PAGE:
The PBP suggests naming for hashes and arrays; hashes in the singular, and arrays in the plural. Read the rest of this entry »
The PBP suggests suffixing reference variables with _ref. The book notes in a footnote that this is the only type of “Hungarian notation” suggested in the book. That’s good, because Hungarian notation is a bad idea. Read the rest of this entry »
The PBP suggests that boolean variables and subroutines should get special naming consideration, and be named in ways that read well. That may involve giving them names like “is_whatever” or “has_whaterver” or “can_whatever”, so that they make contextual sense.
This section of the PBP is a long one, and goes into great detail about how to think about naming important parts of your programs. It covers explicitly modules/namespaces, variables (several types of them), and functions.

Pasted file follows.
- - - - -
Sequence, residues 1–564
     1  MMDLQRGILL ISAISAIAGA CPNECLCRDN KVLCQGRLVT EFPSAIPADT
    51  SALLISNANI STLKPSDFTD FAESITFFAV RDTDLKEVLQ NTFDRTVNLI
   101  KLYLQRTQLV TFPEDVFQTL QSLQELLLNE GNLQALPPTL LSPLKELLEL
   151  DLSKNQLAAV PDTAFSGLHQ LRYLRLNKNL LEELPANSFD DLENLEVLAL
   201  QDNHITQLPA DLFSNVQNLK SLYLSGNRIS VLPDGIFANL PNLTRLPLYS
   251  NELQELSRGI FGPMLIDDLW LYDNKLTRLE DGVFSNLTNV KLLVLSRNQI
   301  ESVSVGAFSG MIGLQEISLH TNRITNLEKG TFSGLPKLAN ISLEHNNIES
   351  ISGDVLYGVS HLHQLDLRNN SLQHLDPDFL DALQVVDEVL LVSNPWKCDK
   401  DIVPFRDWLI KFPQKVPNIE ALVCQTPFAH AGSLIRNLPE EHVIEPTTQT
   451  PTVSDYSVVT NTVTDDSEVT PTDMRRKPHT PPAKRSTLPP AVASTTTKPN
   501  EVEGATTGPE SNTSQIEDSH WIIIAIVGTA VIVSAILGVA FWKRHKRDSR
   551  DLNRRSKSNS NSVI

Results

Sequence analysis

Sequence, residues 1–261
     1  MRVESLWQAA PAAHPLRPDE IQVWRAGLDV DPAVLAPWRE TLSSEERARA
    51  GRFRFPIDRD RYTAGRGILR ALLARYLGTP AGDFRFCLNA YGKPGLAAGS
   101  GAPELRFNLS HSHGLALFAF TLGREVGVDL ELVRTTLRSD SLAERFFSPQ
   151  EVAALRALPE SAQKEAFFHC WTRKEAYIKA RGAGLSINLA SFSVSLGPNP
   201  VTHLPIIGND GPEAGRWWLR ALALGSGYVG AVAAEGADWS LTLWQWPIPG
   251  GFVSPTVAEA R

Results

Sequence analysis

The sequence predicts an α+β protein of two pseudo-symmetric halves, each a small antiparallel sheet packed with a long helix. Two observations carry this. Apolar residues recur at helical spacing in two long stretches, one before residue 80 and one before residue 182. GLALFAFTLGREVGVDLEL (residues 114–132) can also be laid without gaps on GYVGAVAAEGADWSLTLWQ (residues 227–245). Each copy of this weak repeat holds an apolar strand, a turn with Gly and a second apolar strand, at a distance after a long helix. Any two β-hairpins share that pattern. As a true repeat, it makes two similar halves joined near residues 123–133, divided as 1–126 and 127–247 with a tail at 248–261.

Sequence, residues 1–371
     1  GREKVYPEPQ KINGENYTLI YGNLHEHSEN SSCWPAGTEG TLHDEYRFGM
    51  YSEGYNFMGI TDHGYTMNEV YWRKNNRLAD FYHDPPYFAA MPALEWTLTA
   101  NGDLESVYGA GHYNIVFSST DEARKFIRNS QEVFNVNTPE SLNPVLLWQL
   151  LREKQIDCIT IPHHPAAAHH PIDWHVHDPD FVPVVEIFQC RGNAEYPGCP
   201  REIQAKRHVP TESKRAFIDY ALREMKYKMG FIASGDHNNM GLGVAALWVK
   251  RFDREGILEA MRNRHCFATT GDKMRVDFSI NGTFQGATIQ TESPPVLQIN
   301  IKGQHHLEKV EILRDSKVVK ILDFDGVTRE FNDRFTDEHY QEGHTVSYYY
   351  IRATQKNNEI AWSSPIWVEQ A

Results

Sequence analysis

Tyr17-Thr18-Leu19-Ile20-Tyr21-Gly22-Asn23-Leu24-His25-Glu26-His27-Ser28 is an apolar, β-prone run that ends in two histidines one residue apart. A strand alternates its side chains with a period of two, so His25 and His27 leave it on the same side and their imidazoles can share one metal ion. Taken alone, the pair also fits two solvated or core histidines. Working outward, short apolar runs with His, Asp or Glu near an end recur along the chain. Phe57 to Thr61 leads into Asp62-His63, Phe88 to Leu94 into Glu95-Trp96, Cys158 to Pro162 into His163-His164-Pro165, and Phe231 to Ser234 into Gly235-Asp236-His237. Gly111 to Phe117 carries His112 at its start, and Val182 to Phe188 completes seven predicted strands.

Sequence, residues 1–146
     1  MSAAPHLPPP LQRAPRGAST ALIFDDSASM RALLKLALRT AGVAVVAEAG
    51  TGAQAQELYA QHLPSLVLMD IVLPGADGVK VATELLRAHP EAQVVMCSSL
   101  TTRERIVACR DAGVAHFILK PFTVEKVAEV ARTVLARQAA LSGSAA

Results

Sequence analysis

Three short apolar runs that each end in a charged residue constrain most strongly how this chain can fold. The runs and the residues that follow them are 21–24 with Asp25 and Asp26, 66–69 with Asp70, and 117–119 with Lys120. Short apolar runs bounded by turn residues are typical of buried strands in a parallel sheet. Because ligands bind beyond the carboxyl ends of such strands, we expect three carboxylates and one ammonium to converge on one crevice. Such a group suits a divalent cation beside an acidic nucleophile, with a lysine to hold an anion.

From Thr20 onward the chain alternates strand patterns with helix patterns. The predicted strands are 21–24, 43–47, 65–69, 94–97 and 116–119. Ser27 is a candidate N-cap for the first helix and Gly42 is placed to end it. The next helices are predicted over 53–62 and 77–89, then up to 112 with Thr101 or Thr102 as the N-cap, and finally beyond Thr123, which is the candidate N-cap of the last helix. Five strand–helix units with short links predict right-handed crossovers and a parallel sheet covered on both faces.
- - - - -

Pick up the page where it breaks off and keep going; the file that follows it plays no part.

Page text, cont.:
I thought, at first glance, it was way too picky and specific, but the more I read it, the more I liked it.
The Best Practice is to get a tool to do the work for you; it’ll be regular, and not spend your time doing it.
My only concern is that Mr. Conway says, “You can take ugly code like this and turn it into something readable.” where the “readable” code isn’t, to my mind, that much better. Spaces around the parens and an extra blank line do not readable code make. Read the rest of this entry »
Lists need to be formatted to be readable. The suggestion is to always use parenthesis, indent after a parenthesis, and line things in columns, all with trailing commas.
The book provides clear examples, which I won’t duplicate here. Read the rest of this entry »
The book talks about how confusing the ternary operator can be and how much of a mess it can make. I’m almost surprised it doesn’t say, “Don’t use it.”
It suggests columns instead, with the condition, then the positive result.